Clay Jensen comes home from school to find outside his front door a mysterious box with his name on it. Inside he discovers a series of cassette tapes recorded by Hannah Baker – his classmate and crush. Only, she committed suicide two weeks earlier. On the first tape, Hannah explains that there are 13 reasons why she did what she did – and Clay is one of them. If he listens, Clay will find out how he got onto the list – what he hears will change his life forever.
I just want to say that there are controversial topics discussed within this post, I mean no offence and am simply trying to write why Netflix’s new drama is so important for society today.
“You don’t know what goes on in anyone’s life but your own. And when you mess with one part of a person’s life, you’re not messing with just that part. Unfortunately, you can’t be that precise and selective. When you mess with one part of a person’s life, you’re messing with their entire life. Everything. . . affects everything.”
~ Jay Asher
Jay Asher’s ‘13 Reasons Why’ has been made into a new Netflix series. The book follows why Hannah Baker killed herself and the seriousness of the issues surrounding her suicide.
But why has this suddenly been made?
Well with suicide being the highest cause of death amongst young people (PAPYRUS charity). – Notably, in the UK male suicides are decreasing whereas female suicide is on the rise – It highlights the realness of suicide in our everyday society.
Samaritan’s suicide statistics report 2016 says: “We need to get better at identifying those most at risk and finding ways to reach them,
“The causes of suicide are complex. We need to raise awareness of the issues, reduce stigma”.
One significant thing the series and book highlights is how there’s never one single issue that causes a person to take their own life. One reason, maybe 13 reasons, maybe even a million but we can’t just look at a person and know what or how their mind is thinking.
Through the portrayal by Asher and the directors, writers and producers (of which there are too many to list) it shows how everyone can be oblivious (whether that be consciously or not) to someone falling further and further into self-destruction.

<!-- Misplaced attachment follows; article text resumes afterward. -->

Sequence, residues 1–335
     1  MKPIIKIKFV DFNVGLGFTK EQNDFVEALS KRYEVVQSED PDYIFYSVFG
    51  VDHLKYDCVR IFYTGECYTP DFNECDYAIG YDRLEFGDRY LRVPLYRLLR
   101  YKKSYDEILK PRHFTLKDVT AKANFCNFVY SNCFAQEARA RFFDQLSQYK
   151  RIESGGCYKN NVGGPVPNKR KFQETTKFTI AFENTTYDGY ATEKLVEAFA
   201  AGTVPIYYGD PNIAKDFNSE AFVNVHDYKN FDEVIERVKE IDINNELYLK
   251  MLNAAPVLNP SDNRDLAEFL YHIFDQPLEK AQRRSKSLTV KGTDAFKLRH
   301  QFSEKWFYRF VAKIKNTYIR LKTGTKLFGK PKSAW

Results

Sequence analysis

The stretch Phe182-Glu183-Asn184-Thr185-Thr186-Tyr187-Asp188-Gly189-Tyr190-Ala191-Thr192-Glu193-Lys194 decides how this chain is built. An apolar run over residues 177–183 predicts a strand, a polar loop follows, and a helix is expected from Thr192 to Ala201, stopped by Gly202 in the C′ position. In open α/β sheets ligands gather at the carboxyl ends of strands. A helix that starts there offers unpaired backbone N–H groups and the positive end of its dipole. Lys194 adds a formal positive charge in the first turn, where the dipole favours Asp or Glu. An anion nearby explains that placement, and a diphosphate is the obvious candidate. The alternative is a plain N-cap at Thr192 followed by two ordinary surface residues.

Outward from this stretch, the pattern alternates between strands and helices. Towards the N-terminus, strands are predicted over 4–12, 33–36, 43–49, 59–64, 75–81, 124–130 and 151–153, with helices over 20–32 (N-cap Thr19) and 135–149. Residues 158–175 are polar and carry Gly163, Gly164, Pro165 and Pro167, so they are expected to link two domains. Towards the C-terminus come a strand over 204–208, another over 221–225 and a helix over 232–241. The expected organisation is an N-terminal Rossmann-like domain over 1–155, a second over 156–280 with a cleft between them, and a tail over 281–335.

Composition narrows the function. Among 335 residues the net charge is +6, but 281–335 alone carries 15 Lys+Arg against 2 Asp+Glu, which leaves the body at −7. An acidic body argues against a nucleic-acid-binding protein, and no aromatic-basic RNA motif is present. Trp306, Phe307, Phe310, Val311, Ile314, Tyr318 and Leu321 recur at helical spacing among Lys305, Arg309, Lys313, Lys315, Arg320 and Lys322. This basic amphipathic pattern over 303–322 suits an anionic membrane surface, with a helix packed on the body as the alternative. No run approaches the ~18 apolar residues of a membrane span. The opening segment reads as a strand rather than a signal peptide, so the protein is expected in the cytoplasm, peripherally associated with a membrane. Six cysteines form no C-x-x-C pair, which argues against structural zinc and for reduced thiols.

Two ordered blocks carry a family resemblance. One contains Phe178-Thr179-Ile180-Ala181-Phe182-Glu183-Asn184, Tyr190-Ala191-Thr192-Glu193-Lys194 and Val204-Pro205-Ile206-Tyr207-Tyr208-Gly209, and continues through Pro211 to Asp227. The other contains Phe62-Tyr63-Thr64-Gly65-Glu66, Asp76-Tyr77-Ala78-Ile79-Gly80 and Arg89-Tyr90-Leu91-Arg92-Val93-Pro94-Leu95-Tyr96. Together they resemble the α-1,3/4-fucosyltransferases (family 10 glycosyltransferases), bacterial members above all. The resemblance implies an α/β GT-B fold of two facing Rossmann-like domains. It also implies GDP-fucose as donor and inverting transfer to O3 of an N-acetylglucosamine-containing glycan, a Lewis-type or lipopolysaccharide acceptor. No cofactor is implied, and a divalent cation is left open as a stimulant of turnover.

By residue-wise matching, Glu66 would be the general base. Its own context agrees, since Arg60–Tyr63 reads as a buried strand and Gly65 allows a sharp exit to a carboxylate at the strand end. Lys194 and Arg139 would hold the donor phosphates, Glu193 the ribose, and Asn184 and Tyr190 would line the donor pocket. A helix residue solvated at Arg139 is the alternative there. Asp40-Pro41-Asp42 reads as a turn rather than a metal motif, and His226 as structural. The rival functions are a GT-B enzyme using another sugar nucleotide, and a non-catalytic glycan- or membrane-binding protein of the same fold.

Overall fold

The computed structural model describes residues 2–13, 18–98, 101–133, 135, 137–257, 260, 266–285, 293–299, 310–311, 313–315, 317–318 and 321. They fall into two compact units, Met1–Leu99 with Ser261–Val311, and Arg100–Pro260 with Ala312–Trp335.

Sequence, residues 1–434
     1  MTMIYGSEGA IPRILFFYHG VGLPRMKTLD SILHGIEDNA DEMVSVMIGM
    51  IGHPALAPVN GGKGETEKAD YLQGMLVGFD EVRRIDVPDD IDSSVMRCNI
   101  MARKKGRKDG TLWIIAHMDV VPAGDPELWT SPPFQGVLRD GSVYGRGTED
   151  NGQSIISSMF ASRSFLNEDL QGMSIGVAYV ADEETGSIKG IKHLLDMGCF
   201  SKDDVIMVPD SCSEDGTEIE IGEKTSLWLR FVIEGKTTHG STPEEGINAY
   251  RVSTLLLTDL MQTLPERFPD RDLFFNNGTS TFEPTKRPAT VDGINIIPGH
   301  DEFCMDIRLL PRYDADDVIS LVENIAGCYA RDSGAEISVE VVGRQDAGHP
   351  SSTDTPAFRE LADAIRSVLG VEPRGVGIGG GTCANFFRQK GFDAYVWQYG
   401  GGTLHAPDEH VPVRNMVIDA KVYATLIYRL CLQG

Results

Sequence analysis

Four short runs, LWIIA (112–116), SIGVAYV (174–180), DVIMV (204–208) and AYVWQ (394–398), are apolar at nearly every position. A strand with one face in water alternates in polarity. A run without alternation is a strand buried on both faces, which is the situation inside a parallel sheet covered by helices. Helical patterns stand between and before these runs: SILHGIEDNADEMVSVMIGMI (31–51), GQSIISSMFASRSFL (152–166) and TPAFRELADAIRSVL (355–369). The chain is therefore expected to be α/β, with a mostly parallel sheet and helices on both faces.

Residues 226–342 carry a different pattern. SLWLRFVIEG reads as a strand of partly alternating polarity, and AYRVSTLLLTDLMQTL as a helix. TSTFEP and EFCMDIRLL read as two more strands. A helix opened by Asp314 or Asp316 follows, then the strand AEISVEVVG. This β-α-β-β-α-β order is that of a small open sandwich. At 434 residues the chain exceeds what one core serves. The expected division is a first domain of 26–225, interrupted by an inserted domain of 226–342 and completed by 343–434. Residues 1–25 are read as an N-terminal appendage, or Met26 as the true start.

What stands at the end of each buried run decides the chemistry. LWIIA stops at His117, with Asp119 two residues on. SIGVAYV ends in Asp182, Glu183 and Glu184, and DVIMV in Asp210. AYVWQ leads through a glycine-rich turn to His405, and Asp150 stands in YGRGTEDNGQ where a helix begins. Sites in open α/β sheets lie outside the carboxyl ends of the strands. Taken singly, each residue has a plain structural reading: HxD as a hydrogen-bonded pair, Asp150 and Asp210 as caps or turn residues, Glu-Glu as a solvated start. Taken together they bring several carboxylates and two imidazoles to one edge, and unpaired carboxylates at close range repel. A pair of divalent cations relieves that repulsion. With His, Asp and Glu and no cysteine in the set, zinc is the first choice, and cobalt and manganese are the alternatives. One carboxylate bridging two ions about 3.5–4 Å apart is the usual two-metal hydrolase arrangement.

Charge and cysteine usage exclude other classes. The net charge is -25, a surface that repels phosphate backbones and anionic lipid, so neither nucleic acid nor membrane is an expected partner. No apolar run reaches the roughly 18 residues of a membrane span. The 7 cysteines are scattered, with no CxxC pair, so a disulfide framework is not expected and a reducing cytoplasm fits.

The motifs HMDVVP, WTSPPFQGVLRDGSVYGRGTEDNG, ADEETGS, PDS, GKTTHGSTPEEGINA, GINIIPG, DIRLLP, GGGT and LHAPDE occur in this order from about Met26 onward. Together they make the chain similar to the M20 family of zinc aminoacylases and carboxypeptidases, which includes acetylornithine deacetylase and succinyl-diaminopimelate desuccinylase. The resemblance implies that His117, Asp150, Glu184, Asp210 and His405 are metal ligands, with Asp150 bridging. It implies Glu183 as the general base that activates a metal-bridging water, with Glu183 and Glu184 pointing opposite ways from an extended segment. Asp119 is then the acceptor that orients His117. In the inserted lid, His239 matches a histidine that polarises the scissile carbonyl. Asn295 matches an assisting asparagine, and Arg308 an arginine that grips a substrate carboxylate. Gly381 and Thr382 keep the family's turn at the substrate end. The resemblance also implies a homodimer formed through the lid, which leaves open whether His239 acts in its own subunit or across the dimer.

See I think the most important thing that could have ever possibly come out of this series is that it’s a story that effects real people. Any of the issues amongst suicide, rape and bullying all affect real people.
Anna Strachan, someone who has watched the series said: “The series really showed how someone committing suicide can affect everyone else in their life” The fact that they don’t just disappear in the way they think they will. So many people face the consequences of suicide. The idea that 13 people were responsible for Hannah taking her own life doesn’t only focus on what made her do it but the process of coming to ending your own life and how those around us can affect the outcome of what is decided, as well as how the people who are left behind have to live with the aftermath when someone chooses to end their life.
The story goes much deeper than the idea of suicide and preventing it. Ideas like bullying and rape also feature in the story. And it’s so vital to understanding how young people work for and against one another. It provides understanding of rape and consent, with graphic content it really shows the watcher how rape can affect a person, thus providing a worthwhile showing for woman in how best to deal with it and how to prevent it happening to other woman or girls. On the flipside it shoes men the importance of ensuring consent as always necessary. It highlights for everyone that topics like these need to be discussed in the open. People need to be made aware of the real issues that affect real people. And cost real lives. If they don’t get talked about then, as Anna says: “People who have been affected by these things would feel as if they should be ashamed to have been the victim. People see how their actions have an impact on those who they choose to ‘abuse’ whether that be physically or mentally: “And then people who have been the bully or the rapist think it’s absolutely okay because no one has told them otherwise”.
The graphic nature of some scenes is what is most likely to come up as controversial. Hannah’s suicide and the two rape scenes are gruesome and difficult to watch. But the thing is they are so true to life. Things happen like this. Young woman are sexually assaulted. People kill themselves. But rarely are they covered in mainstream media in a way that they actually happen.
It is aimed to disturb the watcher: “I couldn’t watch most of the scene where Hannah killed herself, the bits I saw were so disturbing I couldn’t stop thinking about it afterwards. I thought about how much emotional pain she must have been in to decide to bring this on herself: “TV and films don’t show rape scenes in so much depth and so people don’t always understand exactly how awful it can be. To make the viewers care about the issues, disturbing them with the raw truth is best”.
It’s not like one Netflix series is about to change the world. Or eradicate suicide altogether. As Strachan says: “It helps those to understand why people feel suicidal and exactly how this feels, and just how easily the little things can make someone feel like that.” But it’s the issues that are dealt with in detail and furthermore the graphic nature of how they show things such as Hannah’s suicide that reach out to people and show them how genuinely important it is to address the underlying issues associated with suicide and how everyone suffers as a result of it.
Thanks Anna for being a great interviewee and if you read this and relate then check out http://www.13reasonswhy.info where you can find further details on getting help. There’s a list of different countries, so you’ll be able to find someone that can help you from where you are.